Minnesota Power and La Crosse, Wis.-based Dairyland Power Cooperative will build a $700 million gas-fired power plant in Superior, Wis., while the Duluth-based utility also announced it would buy power from a big new wind farm in southwestern Minnesota.
For Minnesota Power, the Thursday announcements are part of a long-term drive to diversify beyond coal, its primary power source. Such efforts have become common in the electricity industry in recent years as utilities look toward cheaper and more environmentally friendly power sources than coal.
Minnesota Power and Dairyland will create a joint venture to build the 525- to 550-megawatt Superior power plant, which is expected to open in 2025 pending regulatory approval. Minnesota Power would take 250 megawatts of the plant's output. (A megawatt is 1 million watts).
The plant would create about 260 construction jobs and employ 25 workers full-time.
Dairyland is a wholesale cooperative that generates electricity for retail co-ops and municipalities, primarily in northwestern Wisconsin, but also in southeastern Minnesota and parts of Iowa and Illinois. Minnesota Power is the state's second-largest investor-owned utility with 145,000 customers in northeastern and central Minnesota.
Allete, Minnesota Power's Duluth-based parent corporation, also owns Superior Water, Light & Power, the Wisconsin city's main utility.
Minnesota Power unveiled a major new wind power initiative: a 20-year agreement to purchase power produced by the 250-megawatt Nobles 2 project in Nobles County. The wind farm, being developed by Omaha-based Tenaska and scheduled to open in 2019, will bring Minnesota Power's total wind power capacity to 870 megawatts.
Minnesota Power also Thursday announced it would add 10 megawatts of solar capacity through a 25-year power purchase agreement with a national solar developer. That project will be located near Royalton in central Minnesota. Minnesota Power opened its first solar venture last fall, a 10-megawatt plant at Camp Ripley.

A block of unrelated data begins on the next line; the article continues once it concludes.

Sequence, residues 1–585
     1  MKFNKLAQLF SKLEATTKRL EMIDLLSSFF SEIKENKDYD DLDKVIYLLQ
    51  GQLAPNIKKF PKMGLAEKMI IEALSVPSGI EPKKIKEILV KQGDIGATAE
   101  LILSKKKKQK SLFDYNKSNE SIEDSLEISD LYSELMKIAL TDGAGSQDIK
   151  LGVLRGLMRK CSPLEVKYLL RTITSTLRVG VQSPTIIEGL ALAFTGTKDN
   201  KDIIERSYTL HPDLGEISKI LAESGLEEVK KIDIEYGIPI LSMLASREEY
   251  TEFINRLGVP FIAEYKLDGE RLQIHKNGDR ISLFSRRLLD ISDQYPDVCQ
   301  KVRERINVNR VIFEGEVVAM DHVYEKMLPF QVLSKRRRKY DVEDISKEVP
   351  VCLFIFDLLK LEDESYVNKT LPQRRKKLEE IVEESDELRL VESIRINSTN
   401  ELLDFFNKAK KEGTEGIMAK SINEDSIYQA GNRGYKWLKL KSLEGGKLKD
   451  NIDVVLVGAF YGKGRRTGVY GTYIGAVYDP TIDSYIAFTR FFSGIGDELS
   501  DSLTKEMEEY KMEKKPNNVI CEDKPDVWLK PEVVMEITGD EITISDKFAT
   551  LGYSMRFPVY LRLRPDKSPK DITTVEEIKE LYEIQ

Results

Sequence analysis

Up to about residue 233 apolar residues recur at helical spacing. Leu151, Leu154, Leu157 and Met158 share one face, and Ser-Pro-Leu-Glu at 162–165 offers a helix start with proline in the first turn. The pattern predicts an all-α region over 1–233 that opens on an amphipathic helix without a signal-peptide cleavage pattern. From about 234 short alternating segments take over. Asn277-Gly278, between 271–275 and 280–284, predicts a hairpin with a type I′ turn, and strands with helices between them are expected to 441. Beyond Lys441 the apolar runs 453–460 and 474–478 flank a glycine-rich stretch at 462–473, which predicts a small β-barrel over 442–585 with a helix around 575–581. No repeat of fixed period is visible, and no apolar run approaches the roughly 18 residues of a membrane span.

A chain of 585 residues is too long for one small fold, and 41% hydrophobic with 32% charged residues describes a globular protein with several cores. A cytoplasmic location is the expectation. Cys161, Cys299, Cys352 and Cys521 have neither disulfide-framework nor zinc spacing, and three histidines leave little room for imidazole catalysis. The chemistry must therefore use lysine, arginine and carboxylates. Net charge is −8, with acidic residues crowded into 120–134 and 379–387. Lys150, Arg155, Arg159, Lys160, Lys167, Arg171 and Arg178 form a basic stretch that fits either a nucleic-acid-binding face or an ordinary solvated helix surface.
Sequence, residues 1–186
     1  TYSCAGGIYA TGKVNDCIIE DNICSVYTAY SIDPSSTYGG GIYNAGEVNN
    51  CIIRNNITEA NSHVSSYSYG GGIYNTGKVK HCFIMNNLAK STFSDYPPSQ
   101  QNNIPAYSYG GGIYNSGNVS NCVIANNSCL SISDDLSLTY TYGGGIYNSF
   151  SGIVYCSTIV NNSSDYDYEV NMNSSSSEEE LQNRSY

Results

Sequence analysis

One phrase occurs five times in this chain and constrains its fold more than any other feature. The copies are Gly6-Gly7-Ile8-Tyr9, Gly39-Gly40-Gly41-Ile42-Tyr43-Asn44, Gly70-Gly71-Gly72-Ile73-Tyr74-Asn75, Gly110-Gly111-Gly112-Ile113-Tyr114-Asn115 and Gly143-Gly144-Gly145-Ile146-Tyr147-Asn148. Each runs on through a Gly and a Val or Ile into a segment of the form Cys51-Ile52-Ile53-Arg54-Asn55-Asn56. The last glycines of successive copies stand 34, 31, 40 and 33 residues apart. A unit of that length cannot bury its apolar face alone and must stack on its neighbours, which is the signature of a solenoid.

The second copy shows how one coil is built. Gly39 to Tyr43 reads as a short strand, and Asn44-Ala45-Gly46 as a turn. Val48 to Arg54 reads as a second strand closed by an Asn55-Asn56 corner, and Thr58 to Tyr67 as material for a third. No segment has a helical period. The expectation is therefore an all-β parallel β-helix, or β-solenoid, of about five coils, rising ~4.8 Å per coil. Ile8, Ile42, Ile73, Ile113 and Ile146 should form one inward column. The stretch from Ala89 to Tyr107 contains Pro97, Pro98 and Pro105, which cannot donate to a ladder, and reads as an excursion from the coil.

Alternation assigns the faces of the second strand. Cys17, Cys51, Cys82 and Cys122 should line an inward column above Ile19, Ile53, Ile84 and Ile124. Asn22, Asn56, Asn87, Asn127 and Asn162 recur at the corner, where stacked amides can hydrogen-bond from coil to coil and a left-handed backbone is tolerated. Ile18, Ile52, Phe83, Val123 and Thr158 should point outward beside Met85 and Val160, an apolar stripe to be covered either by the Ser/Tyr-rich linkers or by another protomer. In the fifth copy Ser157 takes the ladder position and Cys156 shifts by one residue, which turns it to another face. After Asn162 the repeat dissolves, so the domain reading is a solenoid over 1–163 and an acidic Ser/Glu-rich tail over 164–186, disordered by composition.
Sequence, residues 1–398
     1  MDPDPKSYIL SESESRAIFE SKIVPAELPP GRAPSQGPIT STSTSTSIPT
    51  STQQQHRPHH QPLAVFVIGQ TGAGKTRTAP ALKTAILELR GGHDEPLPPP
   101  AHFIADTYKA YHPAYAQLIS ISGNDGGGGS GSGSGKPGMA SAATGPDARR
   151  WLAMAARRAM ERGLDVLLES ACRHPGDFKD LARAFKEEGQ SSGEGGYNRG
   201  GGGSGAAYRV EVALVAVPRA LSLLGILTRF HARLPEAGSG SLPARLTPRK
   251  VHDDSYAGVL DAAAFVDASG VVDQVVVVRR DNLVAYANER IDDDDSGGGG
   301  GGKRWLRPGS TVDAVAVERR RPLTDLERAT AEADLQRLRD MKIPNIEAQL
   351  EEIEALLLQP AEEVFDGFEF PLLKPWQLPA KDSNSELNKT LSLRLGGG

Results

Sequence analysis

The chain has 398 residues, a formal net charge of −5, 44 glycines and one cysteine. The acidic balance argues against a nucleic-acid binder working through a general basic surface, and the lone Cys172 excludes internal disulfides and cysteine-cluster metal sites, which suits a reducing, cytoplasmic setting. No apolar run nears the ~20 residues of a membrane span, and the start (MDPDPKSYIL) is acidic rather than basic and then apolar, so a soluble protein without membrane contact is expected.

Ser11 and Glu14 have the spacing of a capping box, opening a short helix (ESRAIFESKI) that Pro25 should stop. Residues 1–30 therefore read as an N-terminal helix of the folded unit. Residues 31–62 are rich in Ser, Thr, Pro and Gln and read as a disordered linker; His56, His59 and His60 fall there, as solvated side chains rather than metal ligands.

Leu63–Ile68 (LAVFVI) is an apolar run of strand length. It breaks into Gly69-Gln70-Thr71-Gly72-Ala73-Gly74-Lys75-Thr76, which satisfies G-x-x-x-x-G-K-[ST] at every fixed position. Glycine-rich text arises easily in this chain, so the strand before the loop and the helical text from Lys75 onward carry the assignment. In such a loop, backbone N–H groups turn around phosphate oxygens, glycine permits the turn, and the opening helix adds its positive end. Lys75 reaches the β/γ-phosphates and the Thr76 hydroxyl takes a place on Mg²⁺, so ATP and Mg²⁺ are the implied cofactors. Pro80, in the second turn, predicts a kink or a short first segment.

With the new wind and solar projects, Minnesota Power plans to boost renewable power generation from about 30 percent of its portfolio now to 44 percent by 2025. Currently, the majority of Minnesota Power's electricity generation comes from coal, particularly its 958-megawatt complex in Cohasset on the Iron Range.
Midwest utilities are increasingly switching from coal generation to a mix of natural gas and wind. Gas is cheaper than coal and emits about half the greenhouse gases. Also, gas plants are often more flexible than coal plants; production can be more easily ramped up or down depending on how much wind or solar energy is flowing onto the grid.
Xcel Energy plans to build a 786-megawatt, gas-fired generator in Becker, Minn., to partly replace power that will be lost when the company shutters its two big coal-fired plants there in the mid-2020s. Meanwhile, Detroit Lakes, Minn.-based Otter Tail Power plans to build a $165 million, 250-megawatt natural gas-fired power plant in eastern South Dakota.
The new Superior power plant will be a "combined cycle," using gas and steam turbines to produce electricity more efficiently than with just gas alone.